Having listened to samples of the music, or in some case sounds, I don’t blame them. Not very inspiring and lacking soul, You can hear them for yourselves here if you scroll down to the better of their web page.

And it’s not the first time music has been used to try and improve productivity. The Musak company (probably best know for its elevator music) began customizing the pace and style of the music provided throughout the workday in an effort to maintain productivity (a technique it called “Stimulus Progression“).

This music was programmed in 15-minute blocks, gradually getting faster in tempo and louder and brassier in instrumentation, to encourage workers to speed up their pace. Following the completion of a 15-minute segment, the music would fall silent for 15 minutes. If you can stand it listen here.

This was partly done for technical reasons, but company-funded research also showed that alternating music with silence limited listener fatigue, and made the “stimulus” effect of Stimulus Progression more effective. There was however a backlash as workers objected to being “brainwashed“.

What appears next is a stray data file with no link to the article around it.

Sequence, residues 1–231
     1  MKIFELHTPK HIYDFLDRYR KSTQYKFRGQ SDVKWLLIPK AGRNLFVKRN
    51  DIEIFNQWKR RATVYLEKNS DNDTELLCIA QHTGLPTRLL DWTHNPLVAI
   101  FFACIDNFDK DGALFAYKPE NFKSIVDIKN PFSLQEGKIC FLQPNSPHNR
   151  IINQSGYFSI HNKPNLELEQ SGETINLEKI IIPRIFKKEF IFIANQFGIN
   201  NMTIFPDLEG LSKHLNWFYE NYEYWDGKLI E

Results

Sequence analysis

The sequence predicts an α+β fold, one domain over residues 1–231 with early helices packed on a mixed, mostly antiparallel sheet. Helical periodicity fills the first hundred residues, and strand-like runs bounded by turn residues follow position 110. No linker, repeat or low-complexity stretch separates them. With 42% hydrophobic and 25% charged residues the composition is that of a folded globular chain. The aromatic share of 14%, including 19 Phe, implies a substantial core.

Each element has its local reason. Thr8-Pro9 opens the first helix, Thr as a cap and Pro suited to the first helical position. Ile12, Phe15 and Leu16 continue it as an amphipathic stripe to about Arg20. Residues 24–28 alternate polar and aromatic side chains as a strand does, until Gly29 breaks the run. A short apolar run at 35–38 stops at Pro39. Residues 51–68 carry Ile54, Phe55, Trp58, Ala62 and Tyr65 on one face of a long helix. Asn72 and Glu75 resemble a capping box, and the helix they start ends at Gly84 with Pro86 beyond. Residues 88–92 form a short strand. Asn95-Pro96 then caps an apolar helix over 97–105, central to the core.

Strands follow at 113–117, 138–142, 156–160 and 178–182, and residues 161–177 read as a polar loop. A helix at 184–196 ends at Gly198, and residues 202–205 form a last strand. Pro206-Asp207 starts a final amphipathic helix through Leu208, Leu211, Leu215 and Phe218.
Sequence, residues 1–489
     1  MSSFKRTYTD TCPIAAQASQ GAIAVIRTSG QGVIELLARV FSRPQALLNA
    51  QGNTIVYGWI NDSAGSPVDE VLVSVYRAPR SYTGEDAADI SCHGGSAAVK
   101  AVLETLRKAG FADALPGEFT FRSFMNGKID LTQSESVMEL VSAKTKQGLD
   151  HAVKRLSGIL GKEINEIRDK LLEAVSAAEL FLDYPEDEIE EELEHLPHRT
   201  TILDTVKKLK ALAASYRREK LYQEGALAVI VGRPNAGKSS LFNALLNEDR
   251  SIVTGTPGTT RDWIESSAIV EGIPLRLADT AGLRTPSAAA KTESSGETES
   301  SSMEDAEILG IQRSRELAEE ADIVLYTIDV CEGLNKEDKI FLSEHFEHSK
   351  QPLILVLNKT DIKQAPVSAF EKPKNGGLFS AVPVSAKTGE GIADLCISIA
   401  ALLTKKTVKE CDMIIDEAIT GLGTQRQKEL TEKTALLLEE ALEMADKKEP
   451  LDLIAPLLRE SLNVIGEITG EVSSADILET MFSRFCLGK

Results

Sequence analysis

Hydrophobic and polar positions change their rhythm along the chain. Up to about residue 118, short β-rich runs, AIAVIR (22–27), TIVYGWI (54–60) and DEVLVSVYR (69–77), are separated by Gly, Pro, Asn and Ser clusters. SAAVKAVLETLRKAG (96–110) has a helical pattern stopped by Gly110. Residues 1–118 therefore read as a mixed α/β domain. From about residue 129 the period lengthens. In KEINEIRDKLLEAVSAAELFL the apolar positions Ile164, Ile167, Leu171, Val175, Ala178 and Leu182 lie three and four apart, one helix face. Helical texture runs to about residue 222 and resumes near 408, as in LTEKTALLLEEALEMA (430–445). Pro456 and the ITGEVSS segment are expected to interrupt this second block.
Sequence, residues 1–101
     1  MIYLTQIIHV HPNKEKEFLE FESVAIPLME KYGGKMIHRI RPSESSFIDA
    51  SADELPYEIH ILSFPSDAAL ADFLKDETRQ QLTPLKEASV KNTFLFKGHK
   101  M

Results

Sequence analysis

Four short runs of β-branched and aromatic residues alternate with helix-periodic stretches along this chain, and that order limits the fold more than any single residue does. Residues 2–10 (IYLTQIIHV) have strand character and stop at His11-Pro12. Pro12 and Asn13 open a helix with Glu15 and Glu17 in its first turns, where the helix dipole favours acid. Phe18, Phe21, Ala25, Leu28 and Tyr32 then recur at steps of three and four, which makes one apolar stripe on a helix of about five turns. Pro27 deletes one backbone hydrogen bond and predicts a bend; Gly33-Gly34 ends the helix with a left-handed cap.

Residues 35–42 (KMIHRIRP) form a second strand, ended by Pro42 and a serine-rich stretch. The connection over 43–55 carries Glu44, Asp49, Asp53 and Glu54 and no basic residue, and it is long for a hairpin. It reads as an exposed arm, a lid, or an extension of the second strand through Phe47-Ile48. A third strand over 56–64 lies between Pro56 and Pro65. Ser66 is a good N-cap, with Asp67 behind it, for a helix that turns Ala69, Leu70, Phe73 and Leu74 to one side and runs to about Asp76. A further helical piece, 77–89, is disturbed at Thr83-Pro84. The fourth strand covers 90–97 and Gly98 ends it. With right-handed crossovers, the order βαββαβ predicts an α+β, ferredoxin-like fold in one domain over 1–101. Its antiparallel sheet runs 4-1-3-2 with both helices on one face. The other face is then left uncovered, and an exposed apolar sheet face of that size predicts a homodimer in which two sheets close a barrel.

Its popularity declined in the 1960s to be partly replaced by foreground music, much beloved by restaurants, fashion stores, retail outlets, shopping malls, dentists’ offices, airlines, and public spaces. Now there is a backlash against that with stores such as Marks & Spencer stopping playing music in their stores.

So fashions come and go but I think music will continue to play a part in our working lives and very to influence our shopping habits – as I posted here.


Is this the end of piped music?

Marks and Spencer has announced that it has stopped the playing of music in its stores with effect from 1 June.

Pipedown, the anti-piped music campaigners have claimed this as a victory.

They claim that most customers and staff dislike the incessant assault on their senses which can be distracting for people hard of hearing or with tinnitus.

On the other hand there is research which shows that music can make food taste better and encourage customers to buy certain products and help patients recover more quickly.

So is this a victory for common sense or just a good PR move at a time when M&S are keen to cut costs and improve their market standing?Slide1